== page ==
Ever stay in a hotel that offers some type of breakfast or food court?  Take a hint from the experts and set up some type of self-serve breakfast bar.  For a few dollars, I bought two large glass jars with lids for our kitchen counter.  One is filled with granola bars, single-serve bags of instant oatmeal, and other breakfast items, and the other is filled with packets of hot chocolate.  The more accessible it is, the better it works.
 
Got Cereal? 
Buy stackable one- or two-cup containers with lids, and fill each container with a serving of your kids’ favorite cereal.  Once the lids are on, stack them in the cupboard.  Ta Da!  You’ve created your own single-serving cereals at a fraction of the cost of those you can buy, and they hold milk just as well.
 
Fast Food 
Kids whining from the back seat that they’re hungry are no fun, and hitting the drive-thru to satisfy them can be expensive, not to mention not always the healthiest option.  Whether it’s the AM rush when everyone’s overslept or you’re on afternoon taxi duty shuttling between practices and appointments, save yourself some money and sanity.  Keep a stash of breakfast bars, juice boxes, and other munchies handy in your car – a small box, bag, or even a six-pack sized cooler works.  Include a few bottles of water in case you experience the “oops, forgot my water bottle at home” when you finally reach the practice field.

And On Tonight’s Menu
Make meals ahead of time and freeze them.  Use your crockpot.  Use your microwave.  One of my favorites is rotisserie chicken from our wholesale club or supermarket.  Even soup, salad, and a sandwich works on nights already packed with practices, homework, and meetings.  Having a few easy and quick choices on hand and a little planning can save a lot of time and money.
 
When’s Dinner? 
There is no hard and fast rule that your family dinner needs to be served at 6:00 p.m. every night.  There have been days we’ve had dinner at 3:30 in the afternoon, days when your only other option is having dinner at 9:00 p.m. after the practices and concerts and games are over.  And when you consider many kids are eating lunch in school at 10:30 or 11:00, it’s obvious why they’re so hungry.
 
Clean Living 
Our pediatrician, who has 3 kids of her own, advises parents to have their kids bathe or shower every weeknight.  For kids with allergies like MidKid, they’ll have a chance to wash the pollen and allergens off.  And all kids, especially as they hit their tween/teen years, can benefit from washing off the daily gathering of grime, sweat, and germs.  No need to super-sanitize them – soap and water does the trick.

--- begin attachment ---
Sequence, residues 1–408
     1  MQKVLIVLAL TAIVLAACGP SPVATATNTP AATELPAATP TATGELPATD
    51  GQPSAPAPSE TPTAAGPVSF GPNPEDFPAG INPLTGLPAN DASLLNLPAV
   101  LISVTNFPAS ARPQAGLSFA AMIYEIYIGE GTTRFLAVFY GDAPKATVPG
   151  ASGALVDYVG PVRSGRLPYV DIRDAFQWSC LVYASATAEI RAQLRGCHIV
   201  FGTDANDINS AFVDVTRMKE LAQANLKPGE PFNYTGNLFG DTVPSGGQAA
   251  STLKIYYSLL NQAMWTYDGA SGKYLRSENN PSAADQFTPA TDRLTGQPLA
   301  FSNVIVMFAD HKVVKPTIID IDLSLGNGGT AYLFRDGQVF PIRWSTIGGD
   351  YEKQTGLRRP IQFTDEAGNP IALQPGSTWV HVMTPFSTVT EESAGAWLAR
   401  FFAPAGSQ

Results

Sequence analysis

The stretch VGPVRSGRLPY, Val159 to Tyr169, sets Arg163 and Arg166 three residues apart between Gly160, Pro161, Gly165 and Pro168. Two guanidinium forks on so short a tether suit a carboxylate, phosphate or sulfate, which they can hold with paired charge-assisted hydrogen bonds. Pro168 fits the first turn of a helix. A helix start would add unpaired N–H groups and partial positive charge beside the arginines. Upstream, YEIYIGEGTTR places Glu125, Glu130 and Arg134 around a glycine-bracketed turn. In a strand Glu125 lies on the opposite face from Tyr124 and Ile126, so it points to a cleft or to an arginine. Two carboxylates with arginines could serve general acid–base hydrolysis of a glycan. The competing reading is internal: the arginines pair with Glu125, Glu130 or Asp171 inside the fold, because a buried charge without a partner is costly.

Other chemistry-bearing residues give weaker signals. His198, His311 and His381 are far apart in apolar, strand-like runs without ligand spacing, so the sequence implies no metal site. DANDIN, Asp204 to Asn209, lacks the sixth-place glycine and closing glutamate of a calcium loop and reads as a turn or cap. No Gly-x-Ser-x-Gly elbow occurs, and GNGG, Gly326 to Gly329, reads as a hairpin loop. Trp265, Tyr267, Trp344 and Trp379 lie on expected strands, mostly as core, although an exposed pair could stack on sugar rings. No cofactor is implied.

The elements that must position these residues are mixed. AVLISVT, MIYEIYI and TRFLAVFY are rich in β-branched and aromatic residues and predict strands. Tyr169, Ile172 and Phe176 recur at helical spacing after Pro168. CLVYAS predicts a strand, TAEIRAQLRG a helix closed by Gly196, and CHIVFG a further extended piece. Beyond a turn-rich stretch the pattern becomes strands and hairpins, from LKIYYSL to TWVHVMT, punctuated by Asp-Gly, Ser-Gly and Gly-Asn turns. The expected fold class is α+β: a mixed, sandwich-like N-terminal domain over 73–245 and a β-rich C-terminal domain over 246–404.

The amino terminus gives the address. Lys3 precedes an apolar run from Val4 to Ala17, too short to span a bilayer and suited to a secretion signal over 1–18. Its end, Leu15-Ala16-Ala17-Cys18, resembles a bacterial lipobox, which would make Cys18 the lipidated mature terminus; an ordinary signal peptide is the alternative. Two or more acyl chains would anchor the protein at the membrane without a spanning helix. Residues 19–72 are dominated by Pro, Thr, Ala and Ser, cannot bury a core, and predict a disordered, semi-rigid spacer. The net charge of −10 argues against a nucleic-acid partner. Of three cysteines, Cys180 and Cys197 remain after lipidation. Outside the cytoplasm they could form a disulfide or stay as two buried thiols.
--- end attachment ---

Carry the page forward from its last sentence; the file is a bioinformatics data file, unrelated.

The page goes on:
Family Calendars 
There’s no easy answer for this one.  Paper or electronic, the most important thing is finding one that works for the whole family and sticking with it.  If you use more than one format, remember to keep them synchronized.
 

Paper still rules in our house.  A blotter-sized month-by-month paper calendar lives on our frig and a monthly/weekly paper planner lives in my purse.  We tried Google Calendar last year so tech-savvy/tech-addicted Oldest could include his work and sports schedule.  The daily emailed reminders were nice, but like so much in our house, it fell to me to constantly update both.  It also became quickly apparent the Oldest wasn’t checking the family calendar.  For everyone’s sake, we got him his own calendar for his room, and we coordinate the calendars on Sundays when we take a look at the week ahead.
 
Opting In 
If your school still uses paper notices and newsletters, be sure to read them when you get them.  If your school uses an email list server to communicate with parents, sign up for it with an email address you regularly check.  If you choose not to read things when you get them, or don’t sign up or check your email at that address frequently, that’s your choice.  But when you have children and opt out of knowing what’s going on at their schools, you really can’t complain you didn’t know a Curriculum Night was changed or some event took place.  And when you have kids, unless you have the money to have your own personal assistant, it's up to you to be proactive and involved on some level.

In the Know 
Once you get the newsletter or emails, fully read them.  Depending on how good a communicator the author is, you’ll either have an easy-to-read newsletter or a meandering letter with important information and deadlines hidden on page three.
 
Two Is Better Than One 
Ask that both parents’ emails be entered as contacts for whatever email list your kids’ schools, sports, or other activities have.  It’ll provide a fail-safe should one of you not see a message.
 
Paper (Short)cuts